The Amending Communication also clarifies that, as referenced in the summary above, in markets where barriers to entry and expansion are high, such as those characterized by economies of scale or network effects (which is the case in certain digital markets), the EC may investigate price-based exclusionary conduct capable of foreclosing competitors that are not (yet) as efficient as the dominant firm.
Constructive Refusal To Supply and Unfair Access
Lastly, the Amending Communication clarifies that the EC may investigate cases where a dominant firm imposes unfair access conditions to a particular input — known as constructive refusal to supply (e.g., undue delays, degradation of access or supply or unreasonable access or supply conditions), even if there is no evidence that such input is indispensable. This addresses the recent ruling by the ECJ in Slovak Telekom. Formerly, refusal to deal required that the input be indispensable for it to be an abuse. Famously, in Oscar Bronner, a home delivery service was ruled not indispensable to distribution magazines, because these could also be distributed through retail outlets. So Mediaprint could lawfully refuse to distribute Bronner’s magazine. The Amending Communication (and case law) makes clear that the same standard is not applicable in conditional refusals to deal (i.e., where the seller will deal only on unfair conditions). In those circumstances the threshold is not one of indispensability; any input will suffice.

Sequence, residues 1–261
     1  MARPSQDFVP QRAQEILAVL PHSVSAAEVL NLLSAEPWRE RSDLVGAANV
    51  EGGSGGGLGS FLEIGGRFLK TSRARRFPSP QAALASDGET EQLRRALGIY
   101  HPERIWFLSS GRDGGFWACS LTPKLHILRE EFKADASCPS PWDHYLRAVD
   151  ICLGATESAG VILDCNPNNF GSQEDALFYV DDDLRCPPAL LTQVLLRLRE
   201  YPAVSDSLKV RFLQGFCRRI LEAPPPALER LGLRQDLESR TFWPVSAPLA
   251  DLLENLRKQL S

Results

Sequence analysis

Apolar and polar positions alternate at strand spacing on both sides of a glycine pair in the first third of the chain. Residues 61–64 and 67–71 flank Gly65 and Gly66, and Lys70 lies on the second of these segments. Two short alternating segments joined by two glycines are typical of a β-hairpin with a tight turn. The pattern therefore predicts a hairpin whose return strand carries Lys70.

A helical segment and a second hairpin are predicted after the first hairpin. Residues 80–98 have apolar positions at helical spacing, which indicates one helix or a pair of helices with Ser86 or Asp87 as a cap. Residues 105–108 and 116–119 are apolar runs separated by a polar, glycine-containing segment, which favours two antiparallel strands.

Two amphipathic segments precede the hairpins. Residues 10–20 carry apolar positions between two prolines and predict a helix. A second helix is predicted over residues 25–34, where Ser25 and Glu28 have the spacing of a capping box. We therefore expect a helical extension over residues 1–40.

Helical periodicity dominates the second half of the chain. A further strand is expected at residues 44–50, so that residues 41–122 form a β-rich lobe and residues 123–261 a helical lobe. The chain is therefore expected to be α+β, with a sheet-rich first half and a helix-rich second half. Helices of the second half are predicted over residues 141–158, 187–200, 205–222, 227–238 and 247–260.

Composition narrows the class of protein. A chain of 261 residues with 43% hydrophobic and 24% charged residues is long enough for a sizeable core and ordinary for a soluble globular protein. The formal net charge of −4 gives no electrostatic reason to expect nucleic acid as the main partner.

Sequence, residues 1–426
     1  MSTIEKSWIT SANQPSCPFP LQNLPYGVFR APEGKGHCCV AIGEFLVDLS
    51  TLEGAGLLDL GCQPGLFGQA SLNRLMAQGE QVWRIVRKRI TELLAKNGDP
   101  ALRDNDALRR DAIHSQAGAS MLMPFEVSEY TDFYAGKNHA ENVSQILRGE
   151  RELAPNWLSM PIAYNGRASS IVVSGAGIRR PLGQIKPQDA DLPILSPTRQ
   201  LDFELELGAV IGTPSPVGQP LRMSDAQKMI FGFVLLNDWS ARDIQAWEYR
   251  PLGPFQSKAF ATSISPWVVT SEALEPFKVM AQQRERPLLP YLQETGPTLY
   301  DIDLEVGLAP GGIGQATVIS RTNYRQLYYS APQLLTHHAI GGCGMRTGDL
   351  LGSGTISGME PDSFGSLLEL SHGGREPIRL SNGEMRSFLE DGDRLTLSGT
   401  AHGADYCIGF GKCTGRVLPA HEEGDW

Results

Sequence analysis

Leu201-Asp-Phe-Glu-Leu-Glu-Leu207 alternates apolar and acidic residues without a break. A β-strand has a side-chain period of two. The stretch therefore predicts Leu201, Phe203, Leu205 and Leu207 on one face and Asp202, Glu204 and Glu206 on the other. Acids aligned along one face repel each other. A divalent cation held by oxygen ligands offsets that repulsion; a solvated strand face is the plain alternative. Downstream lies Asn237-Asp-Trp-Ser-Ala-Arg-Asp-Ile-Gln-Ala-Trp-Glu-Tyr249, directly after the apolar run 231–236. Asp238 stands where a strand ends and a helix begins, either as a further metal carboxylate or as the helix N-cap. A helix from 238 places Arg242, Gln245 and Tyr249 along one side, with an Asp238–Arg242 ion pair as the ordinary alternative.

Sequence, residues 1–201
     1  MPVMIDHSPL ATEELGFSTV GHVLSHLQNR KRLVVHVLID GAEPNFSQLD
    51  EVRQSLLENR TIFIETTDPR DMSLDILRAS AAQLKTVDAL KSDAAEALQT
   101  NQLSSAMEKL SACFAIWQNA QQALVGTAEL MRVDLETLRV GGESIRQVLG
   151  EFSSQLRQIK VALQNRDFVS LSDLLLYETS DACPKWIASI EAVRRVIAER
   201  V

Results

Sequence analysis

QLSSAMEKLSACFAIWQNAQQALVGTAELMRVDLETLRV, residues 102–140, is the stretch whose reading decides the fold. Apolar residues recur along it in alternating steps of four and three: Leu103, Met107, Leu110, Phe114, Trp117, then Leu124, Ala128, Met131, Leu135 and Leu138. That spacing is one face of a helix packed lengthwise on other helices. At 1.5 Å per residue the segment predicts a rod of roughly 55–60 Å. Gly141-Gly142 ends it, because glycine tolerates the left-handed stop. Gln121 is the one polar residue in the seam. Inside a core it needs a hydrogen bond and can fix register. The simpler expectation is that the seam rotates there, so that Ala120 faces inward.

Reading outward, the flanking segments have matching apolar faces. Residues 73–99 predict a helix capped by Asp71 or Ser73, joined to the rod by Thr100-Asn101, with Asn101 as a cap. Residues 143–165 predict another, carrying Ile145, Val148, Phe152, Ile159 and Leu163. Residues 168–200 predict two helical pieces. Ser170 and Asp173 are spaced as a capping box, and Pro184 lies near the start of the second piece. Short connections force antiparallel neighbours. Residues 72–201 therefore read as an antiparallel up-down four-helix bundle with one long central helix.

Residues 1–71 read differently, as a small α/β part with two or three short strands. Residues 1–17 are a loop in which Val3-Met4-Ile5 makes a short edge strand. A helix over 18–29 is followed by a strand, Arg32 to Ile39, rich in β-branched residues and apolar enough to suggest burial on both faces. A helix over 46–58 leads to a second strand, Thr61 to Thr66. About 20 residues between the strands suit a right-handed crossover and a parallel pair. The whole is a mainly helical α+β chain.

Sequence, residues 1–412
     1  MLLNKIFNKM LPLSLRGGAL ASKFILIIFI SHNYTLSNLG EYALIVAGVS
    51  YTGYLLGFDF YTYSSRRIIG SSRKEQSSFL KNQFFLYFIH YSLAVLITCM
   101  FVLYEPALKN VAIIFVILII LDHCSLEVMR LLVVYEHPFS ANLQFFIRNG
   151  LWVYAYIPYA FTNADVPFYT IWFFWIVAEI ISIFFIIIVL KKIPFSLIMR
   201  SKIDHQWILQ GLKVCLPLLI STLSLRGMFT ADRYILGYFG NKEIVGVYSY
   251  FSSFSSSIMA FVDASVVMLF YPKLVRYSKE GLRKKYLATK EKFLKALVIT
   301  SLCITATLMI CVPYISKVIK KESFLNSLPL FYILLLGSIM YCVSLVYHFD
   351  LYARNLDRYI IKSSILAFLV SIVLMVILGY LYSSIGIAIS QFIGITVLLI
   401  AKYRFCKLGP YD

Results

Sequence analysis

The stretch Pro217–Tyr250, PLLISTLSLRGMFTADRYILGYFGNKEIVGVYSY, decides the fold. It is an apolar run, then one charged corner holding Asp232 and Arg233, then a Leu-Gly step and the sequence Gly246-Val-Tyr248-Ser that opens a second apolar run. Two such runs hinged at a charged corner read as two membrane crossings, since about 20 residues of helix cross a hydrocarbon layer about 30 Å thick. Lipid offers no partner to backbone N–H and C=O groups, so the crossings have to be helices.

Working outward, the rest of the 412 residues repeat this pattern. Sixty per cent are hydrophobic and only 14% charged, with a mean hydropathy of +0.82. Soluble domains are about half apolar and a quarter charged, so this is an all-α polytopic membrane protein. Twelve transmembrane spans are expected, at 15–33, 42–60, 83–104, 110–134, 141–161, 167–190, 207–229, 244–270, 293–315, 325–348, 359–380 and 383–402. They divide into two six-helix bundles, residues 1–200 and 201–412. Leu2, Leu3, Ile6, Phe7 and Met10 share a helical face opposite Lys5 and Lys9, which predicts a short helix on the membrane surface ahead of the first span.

Over the years, the case law of the EU courts on exclusionary abuse of dominance has developed beyond the scope of the Amending Communication. This is why the EC intends to adopt new guidelines on the application of TFEU Article 102 to exclusionary conduct that will comprehensively codify the full body of case law of the EU courts and reflect the EC’s enforcement practice developed to align with it. The new guidelines will aim to give businesses greater legal certainty and transparency and help foster more consistent competition enforcement at the EC level and across EU member states.
Interested parties have until April 24, 2023, to share with the EC their comments on this policy initiative. The EC intends to publish a draft of the new guidelines for consultation, which is tentatively scheduled for mid-2024, and to adopt a final version by 2025. Once adopted, the EC will withdraw the 2008 Guidance as amended by this year’s Amending Communication.
Senior professional support lawyer Caroline Janssens contributed to this alert.
1 European Commission, “Amendments to the Communication From the Commission — Guidance on the Commission’s Enforcement Priorities in Applying Article 82 of the EC Treaty [now TFEU Article 102] to Abusive Exclusionary Conduct by Dominant Undertakings” (the Amending Communication), March 27, 2023; “Annex to the Amending Communication”; and “A Dynamic and Workable Effects-Based Approach To Abuse of Dominance,” Issue 1, March 2023 (the policy brief providing the background to the Amending Communication).